LOUISVILLE, KY.My great aunt Rose, or "Granny," as many of her friends call her, always was a number. She loved the color red, spoke her mind and wouldn't hesitate to point a gun at you if it was absolutely necessary. For a while, she owned a bar on Rodman Street in Louisville, Ky., and, as a child, I was mesmerized by her cat eyeglasses, her wild sense of humor and her penchant for cursing. She made my mother nervous so, naturally, I grew up thinking she was the coolest woman alive.
When she sold Rosie's Bar, she bought a house there next to Churchill Downs and has parked cars and sold camping spots in her yard during the Kentucky Derby and throughout the season for the last 40 years. Originally, the price was a dollar a car and it's risen, on average, a dollar a year. Many of her customers return each year, and it's like a big family reunion with people coming from all over the country. She has home cooked meals for sale (breakfast and lunch) and a toilet they can use downstairs if they need to.
Last week, always the week before the Derby, Granny baked herself a strawberry cake and turned 86 years old like it was nothing. "If it wasn't for my knees, I'd be in good shape, but this year I'm gonna' have to let my son Jimmy do it all."
It starts getting busy by Wednesday. She stocks up on everything from paper plates to eggs and bacon, biscuits, chicken and toilet paper. By Friday, she's holding court on the back porch or in the kitchen with people she hasn't seen since last year. They bring her all variety of birthday presents and party in the parking lot late into the night. They don't go to sleep, some of them, until well after she starts cooking breakfast, at 2:30 a.m. I join her in the kitchen, but not before I finish listening to 16 grown men from Toledo sing King of the Road outside my window. On key.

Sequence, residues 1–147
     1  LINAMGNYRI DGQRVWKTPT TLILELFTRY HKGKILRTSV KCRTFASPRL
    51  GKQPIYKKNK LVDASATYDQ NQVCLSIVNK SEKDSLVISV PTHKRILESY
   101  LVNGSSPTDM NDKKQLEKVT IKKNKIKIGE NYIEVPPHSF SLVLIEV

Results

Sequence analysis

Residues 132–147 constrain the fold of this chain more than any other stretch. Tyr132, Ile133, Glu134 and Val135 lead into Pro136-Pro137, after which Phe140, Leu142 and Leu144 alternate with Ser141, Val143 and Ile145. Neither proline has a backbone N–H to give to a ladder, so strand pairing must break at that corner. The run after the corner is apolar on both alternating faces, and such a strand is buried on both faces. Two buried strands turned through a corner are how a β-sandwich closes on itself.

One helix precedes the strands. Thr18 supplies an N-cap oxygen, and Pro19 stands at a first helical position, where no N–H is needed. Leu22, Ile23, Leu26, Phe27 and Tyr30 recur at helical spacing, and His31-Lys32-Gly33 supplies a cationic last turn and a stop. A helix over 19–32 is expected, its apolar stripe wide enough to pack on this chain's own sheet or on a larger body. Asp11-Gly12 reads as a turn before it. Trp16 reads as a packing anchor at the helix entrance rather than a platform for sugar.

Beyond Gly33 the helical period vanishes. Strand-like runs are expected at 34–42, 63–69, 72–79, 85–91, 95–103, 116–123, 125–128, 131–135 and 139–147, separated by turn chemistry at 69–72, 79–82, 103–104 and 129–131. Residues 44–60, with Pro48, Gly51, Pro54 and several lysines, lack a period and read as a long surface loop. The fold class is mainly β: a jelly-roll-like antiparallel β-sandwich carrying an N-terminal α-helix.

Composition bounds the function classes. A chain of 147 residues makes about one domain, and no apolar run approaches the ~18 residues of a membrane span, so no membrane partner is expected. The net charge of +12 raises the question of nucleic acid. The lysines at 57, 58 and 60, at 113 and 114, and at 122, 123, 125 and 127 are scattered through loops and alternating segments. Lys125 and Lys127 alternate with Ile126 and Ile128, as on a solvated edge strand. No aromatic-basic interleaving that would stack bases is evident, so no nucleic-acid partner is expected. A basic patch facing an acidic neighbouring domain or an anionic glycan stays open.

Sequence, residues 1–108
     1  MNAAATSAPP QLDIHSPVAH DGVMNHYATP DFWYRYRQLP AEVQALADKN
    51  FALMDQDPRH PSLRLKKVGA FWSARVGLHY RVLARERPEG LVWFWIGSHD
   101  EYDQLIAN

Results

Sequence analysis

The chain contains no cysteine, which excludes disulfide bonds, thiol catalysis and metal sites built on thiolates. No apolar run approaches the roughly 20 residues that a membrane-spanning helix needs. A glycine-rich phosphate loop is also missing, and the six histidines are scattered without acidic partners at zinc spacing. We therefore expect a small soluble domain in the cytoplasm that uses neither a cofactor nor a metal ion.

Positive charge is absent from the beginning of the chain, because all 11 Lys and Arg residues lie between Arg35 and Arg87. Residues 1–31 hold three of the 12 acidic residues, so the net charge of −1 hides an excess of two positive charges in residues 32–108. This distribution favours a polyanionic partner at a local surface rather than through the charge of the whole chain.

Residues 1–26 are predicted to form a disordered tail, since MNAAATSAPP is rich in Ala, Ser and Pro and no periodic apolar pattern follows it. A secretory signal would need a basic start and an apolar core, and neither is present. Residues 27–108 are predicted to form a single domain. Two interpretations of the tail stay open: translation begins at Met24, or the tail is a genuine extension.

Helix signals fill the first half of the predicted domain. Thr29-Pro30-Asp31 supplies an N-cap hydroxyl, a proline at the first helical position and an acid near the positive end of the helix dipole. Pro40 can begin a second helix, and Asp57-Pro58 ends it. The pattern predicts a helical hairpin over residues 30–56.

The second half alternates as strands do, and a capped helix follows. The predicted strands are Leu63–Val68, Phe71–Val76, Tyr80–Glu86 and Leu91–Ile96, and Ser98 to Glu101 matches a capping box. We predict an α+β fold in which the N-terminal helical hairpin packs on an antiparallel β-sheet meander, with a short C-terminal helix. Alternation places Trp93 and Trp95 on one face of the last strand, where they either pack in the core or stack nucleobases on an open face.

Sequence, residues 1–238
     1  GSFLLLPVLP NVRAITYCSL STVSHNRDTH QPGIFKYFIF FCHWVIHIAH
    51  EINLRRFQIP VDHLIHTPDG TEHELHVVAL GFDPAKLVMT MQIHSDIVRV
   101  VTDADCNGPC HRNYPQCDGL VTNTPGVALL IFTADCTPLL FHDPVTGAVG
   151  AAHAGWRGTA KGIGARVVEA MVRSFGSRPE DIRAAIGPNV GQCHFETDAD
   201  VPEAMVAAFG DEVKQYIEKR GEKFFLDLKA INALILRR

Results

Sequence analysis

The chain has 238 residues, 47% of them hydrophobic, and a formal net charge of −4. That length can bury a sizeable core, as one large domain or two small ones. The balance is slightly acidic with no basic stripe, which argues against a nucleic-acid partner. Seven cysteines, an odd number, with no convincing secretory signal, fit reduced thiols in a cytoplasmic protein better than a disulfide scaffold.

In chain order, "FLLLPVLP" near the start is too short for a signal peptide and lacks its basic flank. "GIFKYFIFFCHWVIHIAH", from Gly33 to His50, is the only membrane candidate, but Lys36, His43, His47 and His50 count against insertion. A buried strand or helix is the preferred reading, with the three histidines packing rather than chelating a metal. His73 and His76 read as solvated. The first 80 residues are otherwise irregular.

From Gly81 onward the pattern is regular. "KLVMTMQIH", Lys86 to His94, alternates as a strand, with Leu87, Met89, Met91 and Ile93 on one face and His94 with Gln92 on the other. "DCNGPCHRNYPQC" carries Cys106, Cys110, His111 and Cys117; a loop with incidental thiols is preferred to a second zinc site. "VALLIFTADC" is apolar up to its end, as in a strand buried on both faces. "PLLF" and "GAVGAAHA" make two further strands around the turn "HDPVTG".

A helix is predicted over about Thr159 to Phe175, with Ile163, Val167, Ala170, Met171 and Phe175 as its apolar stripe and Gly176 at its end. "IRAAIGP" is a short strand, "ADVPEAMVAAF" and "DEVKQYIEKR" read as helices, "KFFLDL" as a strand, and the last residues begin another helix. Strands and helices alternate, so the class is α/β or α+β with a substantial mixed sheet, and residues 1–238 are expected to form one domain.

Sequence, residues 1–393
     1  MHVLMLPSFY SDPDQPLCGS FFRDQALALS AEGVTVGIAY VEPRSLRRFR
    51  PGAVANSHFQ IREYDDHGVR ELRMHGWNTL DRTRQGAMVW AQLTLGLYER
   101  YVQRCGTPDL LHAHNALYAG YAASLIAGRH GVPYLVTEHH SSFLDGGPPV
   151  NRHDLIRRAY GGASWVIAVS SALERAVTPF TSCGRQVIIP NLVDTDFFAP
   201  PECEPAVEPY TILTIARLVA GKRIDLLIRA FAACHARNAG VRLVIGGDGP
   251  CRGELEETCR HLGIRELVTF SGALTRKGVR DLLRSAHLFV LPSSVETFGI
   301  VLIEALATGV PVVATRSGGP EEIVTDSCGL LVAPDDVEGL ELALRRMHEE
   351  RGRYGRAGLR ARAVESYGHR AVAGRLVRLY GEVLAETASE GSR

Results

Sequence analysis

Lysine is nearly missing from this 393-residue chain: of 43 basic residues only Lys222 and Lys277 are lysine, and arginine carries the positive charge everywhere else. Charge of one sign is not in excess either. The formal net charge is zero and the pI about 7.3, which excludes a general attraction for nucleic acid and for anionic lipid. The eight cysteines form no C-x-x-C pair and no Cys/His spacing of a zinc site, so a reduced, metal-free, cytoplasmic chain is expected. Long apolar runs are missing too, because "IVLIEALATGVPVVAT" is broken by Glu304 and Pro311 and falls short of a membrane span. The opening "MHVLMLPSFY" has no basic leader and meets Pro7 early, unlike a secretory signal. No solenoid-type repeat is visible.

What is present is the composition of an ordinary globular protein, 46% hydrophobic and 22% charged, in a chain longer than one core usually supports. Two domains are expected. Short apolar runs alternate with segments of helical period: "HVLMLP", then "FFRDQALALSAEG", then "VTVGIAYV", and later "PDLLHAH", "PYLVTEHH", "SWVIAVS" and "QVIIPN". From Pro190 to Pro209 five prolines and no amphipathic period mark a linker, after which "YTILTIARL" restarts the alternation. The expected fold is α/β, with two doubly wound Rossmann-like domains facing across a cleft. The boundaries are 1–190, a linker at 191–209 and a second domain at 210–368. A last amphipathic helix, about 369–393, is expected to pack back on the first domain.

At around 7 a.m., she makes her way down the back steps of the house using both handrails and locates the two garbage can lids that have officially launched everyone's day for years. She walks giggling, through the yard of campers and tents, banging the lids together like cymbals, ordering everyone, even those who've just gone to bed, to wake up and celebrate the day. Those who've already risen stand and wait for it to happen, the anticipation on their faces palpable, the minute she opens her back door.
"Get up! (bang, bang, bang), everybody get up!" she yells. "It's Derby Day" (bang, bang) and then, nearly doubled over laughing, she takes a short break.
After a few minutes, they start to trickle in the back door of the house in groups of three or four, fill their plates with breakfast and leave some money in a plastic pickle jar. The more transient guests, meanwhile, some from Texas, Wisconsin and Connecticut, begin to arrive from their respective hotels. They pull into the yard, one after another, as if it has all been choreographed. Jimmy and Mickey and their crew park each one without incident. Before the day is over, there are more than 50 cars and motor homes parked as close as three inches from each other in Granny's yard. At one point, she steps out on the porch and looks out over the sea of cars and says, "Lord, I hope they're all winnin'."
If you really want somebody to know something, you could just tell them.
I doubt she'd choke on yours.
The story on "the Lutheran," ELCA Presiding Bishop Mark Hanson, was from January. I was…
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